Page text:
Baker-Wall’s great-aunt had the answer. “After hearing her oral history of our family,” Baker-Wall says, “I realized my heritage was one to be proud of.”
Family legend has it that Bush escaped slavery in North Carolina by having himself shipped to Indiana in a wooden box addressed to Levi Coffin. Based on her own research, Baker-Wall thinks he likely came via the Underground Railroad because three of its main routes converged in Fountain City. “Freedom seekers were secretive,” she explains. “They never said exactly where they came from or were going next.”
Baker-Wall knows that her great-great-grandfather worked as a blacksmith and lay veterinarian, owned a home in Fountain City, and is listed in the 1850 census, but she suspects that “William Bush” was an alias.
“Levi could have changed his name to protect him from slave catchers,” she suggests. Indeed, a memoir Levi published in 1876—The Reminiscences of Levi Coffin—discusses giving fugitives new names to conceal their identities.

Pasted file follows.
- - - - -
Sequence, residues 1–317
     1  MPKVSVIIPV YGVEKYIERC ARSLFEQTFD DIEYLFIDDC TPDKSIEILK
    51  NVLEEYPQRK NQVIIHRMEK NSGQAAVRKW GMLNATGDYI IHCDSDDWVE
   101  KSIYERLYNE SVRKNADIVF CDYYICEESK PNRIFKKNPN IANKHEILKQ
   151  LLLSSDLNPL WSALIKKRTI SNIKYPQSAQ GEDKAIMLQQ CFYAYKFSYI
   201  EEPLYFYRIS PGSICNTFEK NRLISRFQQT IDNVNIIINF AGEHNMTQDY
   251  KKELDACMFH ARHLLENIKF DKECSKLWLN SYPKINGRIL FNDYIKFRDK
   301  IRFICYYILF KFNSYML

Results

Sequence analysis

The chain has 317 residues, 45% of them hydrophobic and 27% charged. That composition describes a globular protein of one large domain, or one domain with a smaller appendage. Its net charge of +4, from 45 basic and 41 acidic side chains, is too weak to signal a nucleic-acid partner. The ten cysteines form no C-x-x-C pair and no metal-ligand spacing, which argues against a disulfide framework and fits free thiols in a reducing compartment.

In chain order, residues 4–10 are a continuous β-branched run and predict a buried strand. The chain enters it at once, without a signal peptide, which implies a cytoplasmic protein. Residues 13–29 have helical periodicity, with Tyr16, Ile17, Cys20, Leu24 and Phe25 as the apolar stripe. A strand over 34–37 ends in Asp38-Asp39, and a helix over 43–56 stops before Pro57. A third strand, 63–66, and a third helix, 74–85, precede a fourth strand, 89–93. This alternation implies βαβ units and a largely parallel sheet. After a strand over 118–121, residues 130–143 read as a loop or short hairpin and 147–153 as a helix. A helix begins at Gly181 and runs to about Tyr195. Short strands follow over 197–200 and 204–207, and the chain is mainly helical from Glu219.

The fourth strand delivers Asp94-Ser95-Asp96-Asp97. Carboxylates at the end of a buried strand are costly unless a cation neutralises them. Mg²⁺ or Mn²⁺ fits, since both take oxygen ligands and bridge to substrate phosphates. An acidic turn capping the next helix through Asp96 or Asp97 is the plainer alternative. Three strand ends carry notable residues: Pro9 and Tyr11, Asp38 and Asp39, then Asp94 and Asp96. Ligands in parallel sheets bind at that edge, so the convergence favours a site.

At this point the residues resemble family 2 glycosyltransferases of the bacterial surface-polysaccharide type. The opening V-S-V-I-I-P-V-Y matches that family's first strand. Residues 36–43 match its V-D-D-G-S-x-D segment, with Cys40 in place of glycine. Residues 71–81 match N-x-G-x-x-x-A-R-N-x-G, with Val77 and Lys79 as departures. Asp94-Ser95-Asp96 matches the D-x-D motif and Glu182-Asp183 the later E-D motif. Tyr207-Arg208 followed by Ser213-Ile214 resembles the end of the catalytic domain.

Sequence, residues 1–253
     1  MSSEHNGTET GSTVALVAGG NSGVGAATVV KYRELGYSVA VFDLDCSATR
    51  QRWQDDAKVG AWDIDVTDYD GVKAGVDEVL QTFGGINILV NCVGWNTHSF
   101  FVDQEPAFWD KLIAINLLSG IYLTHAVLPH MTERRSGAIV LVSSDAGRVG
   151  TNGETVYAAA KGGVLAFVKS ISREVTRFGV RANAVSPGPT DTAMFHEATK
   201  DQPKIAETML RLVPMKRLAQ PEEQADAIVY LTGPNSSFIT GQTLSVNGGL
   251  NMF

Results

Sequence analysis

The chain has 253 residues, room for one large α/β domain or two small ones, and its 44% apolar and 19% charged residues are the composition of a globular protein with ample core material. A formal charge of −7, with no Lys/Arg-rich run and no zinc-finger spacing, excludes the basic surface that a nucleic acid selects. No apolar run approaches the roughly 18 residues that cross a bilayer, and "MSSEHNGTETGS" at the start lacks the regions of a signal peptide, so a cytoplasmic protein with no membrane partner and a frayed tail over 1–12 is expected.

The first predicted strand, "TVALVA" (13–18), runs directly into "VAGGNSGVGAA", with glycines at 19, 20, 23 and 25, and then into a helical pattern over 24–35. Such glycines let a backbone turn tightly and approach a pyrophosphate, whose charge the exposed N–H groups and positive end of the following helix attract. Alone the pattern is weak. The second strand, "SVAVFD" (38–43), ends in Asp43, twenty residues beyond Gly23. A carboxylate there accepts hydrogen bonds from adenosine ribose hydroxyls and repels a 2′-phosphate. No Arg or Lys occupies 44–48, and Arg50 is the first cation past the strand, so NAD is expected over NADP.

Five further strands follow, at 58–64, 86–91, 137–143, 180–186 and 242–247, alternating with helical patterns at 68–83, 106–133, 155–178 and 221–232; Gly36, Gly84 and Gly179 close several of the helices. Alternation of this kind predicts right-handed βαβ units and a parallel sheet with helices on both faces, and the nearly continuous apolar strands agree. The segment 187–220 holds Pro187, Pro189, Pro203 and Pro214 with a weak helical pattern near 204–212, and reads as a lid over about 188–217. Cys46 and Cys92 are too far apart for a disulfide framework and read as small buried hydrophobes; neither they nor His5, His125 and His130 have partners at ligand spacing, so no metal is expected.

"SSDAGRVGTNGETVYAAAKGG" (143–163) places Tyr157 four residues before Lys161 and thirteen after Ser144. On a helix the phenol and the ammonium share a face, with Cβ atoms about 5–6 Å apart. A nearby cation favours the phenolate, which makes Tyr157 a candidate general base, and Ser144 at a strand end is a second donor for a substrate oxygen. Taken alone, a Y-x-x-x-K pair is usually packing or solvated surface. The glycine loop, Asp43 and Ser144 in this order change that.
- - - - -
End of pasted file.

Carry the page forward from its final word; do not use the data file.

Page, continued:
For example, when the Coffins sheltered a woman who had evaded capture by braving the icy Ohio River, Catharine renamed her Eliza Harris. Harriet Beecher Stowe later immortalized Eliza’s story in her influential novel Uncle Tom’s Cabin.
Canada was often the fugitives’ objective, particularly after the passage of the 1850 Fugitive Slave Act, which essentially put any former slave—or even free Blacks—at risk of being captured anywhere in the US and forced into slavery. Baker-Wall speculates that Bush decided to remain in Fountain City instead of going to Canada because of a local African Methodist Episcopal church and nearby Black settlements. “He must have felt comfortable staying here because he became a conductor himself,” she says.
Bush is buried in Fountain City’s Willow Grove Cemetery. His headstone reads: “WILLIAM BUSH, ‘SLAVE’ ASSISTED LEVI COFFIN WITH THE SLAVES FLIGHT FROM BONDAGE TO FREEDOM.”
When Levi and Catharine arrived in Fountain City in 1826, they were part of a Quaker migration that made the community an abolitionist hotbed and drove antislavery sentiment in the fledgling Hoosier State. Levi opened a mercantile business, and the young couple, who it is believed initially lived either over or behind his general store, soon began hiding runaways. Levi recalled in his Reminiscences, “It was never too cold or stormy, or the hour of night too late for my wife to rise from sleep, and provide food and comfortable lodging for the fugitives.”